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Succulents are right at home during the holidays

This is a tradition-rich and family-heavy time of year for many, with Christmas Day less than a week away & New Year’s Day less than two. There are songs about a sleigh ride and a partridge in a pear tree, toy soldiers as tree ornaments, and pie for dessert. And perhaps a big family game of dominoes. We hear about chestnuts roasting on an open fire, and for some, there might be a blizzard or snowstorm alive outside. Below are succulents that will remind you of this festive season. 

Get all the succulent cheer you can handle at shopaltmanplants.com (retail) or the Cactus Shop (wholesale).

Crassula lycopodiodes (watch chain), Aloe ‘Christmas Sleigh’, Crassula tetragona (mini pine tree), Sedum Firestorm & Aloe ‘Blizzard’

Kalanchoe tomentosa ‘Chocolate Soldier’ in its birch-style wrap

Aloe variegata (partridge breast aloe)

A champagne flute of Sedum adolphi (golden sedum)

Aloe ‘Snowstorm’

Crassula rubricaulis ‘Candy Cane’

 

Adromischus cristatus (key lime pie) & Kalanchoe luciae (flapjacks)

Santa and Crassula tetragona (mini pine tree)

Echinopsis subdenudata ‘Dominoes’ in its festive, Grinch-inspired wrap

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Aloe, Holidays!

 
 
 
Hard up for holiday gift ideas this season? We know how difficult it can be to settle on the right gifts for the very favorite humans in your life. Luckily, we have a handful of unique, colorful and adorable possibilities for you to consider. So sit back, or lean forward, and say “aloe” to our little Altman Plants-hybridized friends that are part of our 2018 Holiday Collection at shopaltmanplants.com.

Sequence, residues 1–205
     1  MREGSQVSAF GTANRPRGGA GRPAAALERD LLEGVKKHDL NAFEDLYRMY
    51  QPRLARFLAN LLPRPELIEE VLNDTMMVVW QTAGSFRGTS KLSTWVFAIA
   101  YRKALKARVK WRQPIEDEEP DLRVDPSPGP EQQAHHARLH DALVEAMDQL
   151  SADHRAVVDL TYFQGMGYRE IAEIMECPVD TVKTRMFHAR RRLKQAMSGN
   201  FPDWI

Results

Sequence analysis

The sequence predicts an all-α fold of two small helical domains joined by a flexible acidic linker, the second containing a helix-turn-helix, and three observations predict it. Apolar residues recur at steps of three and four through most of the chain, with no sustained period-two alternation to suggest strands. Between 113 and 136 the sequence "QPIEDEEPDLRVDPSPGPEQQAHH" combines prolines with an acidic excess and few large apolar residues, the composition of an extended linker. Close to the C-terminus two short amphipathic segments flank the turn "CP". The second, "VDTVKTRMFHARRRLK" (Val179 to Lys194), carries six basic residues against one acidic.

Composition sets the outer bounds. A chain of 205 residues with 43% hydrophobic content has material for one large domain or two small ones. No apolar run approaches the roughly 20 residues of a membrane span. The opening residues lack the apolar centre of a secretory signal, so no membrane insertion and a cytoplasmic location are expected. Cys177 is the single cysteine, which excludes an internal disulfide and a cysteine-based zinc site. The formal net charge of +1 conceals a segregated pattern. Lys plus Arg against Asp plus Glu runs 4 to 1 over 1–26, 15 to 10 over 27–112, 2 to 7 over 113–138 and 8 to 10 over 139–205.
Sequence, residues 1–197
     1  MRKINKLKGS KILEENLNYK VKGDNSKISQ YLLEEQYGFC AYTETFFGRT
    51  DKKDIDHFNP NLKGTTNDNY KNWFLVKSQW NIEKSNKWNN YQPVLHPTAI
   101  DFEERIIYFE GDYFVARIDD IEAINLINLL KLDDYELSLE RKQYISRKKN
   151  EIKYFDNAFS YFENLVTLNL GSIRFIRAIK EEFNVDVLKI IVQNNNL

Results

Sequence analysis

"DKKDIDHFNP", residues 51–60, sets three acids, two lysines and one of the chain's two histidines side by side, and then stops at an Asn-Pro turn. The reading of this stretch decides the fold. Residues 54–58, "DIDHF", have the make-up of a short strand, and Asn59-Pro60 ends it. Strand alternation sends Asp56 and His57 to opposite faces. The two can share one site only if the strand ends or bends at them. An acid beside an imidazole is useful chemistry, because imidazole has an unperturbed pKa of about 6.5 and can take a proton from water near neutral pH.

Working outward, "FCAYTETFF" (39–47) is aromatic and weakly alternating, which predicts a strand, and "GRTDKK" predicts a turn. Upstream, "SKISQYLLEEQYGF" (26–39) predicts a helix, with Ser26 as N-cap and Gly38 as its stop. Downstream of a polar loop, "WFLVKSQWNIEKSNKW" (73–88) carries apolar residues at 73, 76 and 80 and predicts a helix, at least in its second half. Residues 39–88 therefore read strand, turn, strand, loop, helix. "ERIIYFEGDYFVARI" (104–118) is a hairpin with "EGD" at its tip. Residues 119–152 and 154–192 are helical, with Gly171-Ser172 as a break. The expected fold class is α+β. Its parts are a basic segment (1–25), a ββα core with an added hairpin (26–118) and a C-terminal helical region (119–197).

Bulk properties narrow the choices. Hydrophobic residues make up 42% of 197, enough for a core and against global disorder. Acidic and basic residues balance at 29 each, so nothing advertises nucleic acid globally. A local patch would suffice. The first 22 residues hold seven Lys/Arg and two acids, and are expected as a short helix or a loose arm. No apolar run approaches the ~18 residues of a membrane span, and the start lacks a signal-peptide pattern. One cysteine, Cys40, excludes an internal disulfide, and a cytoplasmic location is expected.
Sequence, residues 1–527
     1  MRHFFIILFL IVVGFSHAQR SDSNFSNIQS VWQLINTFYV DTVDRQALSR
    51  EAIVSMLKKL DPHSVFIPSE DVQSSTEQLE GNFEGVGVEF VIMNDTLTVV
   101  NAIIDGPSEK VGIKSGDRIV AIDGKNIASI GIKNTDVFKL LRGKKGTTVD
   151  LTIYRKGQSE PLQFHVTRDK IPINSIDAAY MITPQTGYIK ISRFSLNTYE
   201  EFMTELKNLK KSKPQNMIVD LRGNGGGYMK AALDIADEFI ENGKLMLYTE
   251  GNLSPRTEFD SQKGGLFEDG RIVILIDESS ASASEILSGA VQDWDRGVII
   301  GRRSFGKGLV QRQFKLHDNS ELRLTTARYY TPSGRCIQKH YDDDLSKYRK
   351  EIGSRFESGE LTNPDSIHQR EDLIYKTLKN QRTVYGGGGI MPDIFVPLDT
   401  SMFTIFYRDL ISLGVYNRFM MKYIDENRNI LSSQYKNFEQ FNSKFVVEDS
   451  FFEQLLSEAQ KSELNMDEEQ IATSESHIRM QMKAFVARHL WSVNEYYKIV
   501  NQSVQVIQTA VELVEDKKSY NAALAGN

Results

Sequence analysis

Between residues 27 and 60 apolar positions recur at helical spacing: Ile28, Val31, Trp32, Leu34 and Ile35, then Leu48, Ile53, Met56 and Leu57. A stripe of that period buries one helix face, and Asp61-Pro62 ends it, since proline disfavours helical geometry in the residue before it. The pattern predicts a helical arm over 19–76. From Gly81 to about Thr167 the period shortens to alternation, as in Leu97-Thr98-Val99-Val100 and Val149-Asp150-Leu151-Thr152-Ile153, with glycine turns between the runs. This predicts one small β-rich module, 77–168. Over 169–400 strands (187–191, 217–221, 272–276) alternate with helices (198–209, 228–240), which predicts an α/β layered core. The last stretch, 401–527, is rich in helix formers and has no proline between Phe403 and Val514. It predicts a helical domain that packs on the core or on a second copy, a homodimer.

These three following varieties are particularly appropriate for container gardening and windowsill culture. They are all low-maintenance, waterwise plants that give us a reason to look forward to peeking at the nooks and crannies of our homes each day, for a glimpse of new growth or emerging flowers. Through the holidays, the order minimum for free shipping at shopaltmanplants.com is $50, down from the customary $75.
 

Aloe ‘Blizzard’

Aloe ‘Blizzard’

Aloe ‘Blizzard’ is a patented (US PP21,408), one-of-a-kind, perfect storm of variegation, attractive blooms, and compact size. Our breeding team wanted to create a white aloe that grew faster and more upright than one of its parents and with brighter color. Great for a windowsill, Aloe ‘Blizzard’ boasts bright white/deep green tones, tubular coral flowers, frequent flowering periods, and a pleasing penchant for multiplying.

Aloe ‘Christmas Sleigh’

Aloe ‘Christmas Sleigh’

Good ol’ St. Nick can only dream of this clumping hybrid succulent serving as his sleigh. It certainly would require fewer than nine reindeer. Aloe ‘Christmas Sleigh’ abounds with red teeth on the margins of its dark green to blue leaves, which also have red bumps down the middle. Reddens up in bright light and cool temps. Terrific as a small container specimen or as focal point in a dish garden with non-Aloe succulents.

 

Aloe ‘Snowstorm’

Aloe ‘Snowstorm’

Aloe ‘Snowstorm’ features irregular, dense white banding on green leaves, with “flurries” of white teeth on the margins. It’s like wild powder snow on a star-shaped verdant green ground cover. Free flowering with spikes of orange tubular flowers, loved by hummingbirds. Whereas the nominally similar Aloe ‘Blizzard’ is all about upright, tightly clustered growth, the leaves of ‘Snowstorm’ are wider and comparatively flat. Prefers excellent drainage provided by porous soil. Water thoroughly when dry. Can be grown on a patio or in a garden in frost-free temperate areas, or displayed on a windowsill or other brightly lit spot indoors during cold season in less temperate areas. Green coloring takes on chocolate tones in the sun.